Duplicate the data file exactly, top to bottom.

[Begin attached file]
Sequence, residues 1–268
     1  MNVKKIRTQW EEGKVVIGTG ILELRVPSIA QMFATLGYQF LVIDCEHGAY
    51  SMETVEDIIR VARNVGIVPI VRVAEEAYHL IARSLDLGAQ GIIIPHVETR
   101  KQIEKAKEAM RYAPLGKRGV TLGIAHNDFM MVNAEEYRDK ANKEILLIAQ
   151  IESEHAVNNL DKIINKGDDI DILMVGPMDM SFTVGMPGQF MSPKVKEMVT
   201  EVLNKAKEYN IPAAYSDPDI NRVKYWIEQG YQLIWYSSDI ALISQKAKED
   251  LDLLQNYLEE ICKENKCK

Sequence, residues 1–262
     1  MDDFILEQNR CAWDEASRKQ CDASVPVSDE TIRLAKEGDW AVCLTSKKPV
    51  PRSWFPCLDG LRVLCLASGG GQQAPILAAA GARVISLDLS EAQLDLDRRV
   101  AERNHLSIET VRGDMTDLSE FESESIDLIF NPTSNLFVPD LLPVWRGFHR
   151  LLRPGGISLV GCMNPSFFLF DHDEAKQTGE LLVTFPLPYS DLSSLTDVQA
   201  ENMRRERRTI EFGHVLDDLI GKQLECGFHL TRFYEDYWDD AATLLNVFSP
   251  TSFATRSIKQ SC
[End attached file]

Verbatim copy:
Sequence, residues 1–268
     1  MNVKKIRTQW EEGKVVIGTG ILELRVPSIA QMFATLGYQF LVIDCEHGAY
    51  SMETVEDIIR VARNVGIVPI VRVAEEAYHL IARSLDLGAQ GIIIPHVETR
   101  KQIEKAKEAM RYAPLGKRGV TLGIAHNDFM MVNAEEYRDK ANKEILLIAQ
   151  IESEHAVNNL DKIINKGDDI DILMVGPMDM SFTVGMPGQF MSPKVKEMVT
   201  EVLNKAKEYN IPAAYSDPDI NRVKYWIEQG YQLIWYSSDI ALISQKAKED
   251  LDLLQNYLEE ICKENKCK

Sequence, residues 1–262
     1  MDDFILEQNR CAWDEASRKQ CDASVPVSDE TIRLAKEGDW AVCLTSKKPV
    51  PRSWFPCLDG LRVLCLASGG GQQAPILAAA GARVISLDLS EAQLDLDRRV
   101  AERNHLSIET VRGDMTDLSE FESESIDLIF NPTSNLFVPD LLPVWRGFHR
   151  LLRPGGISLV GCMNPSFFLF DHDEAKQTGE LLVTFPLPYS DLSSLTDVQA
   201  ENMRRERRTI EFGHVLDDLI GKQLECGFHL TRFYEDYWDD AATLLNVFSP
   251  TSFATRSIKQ SC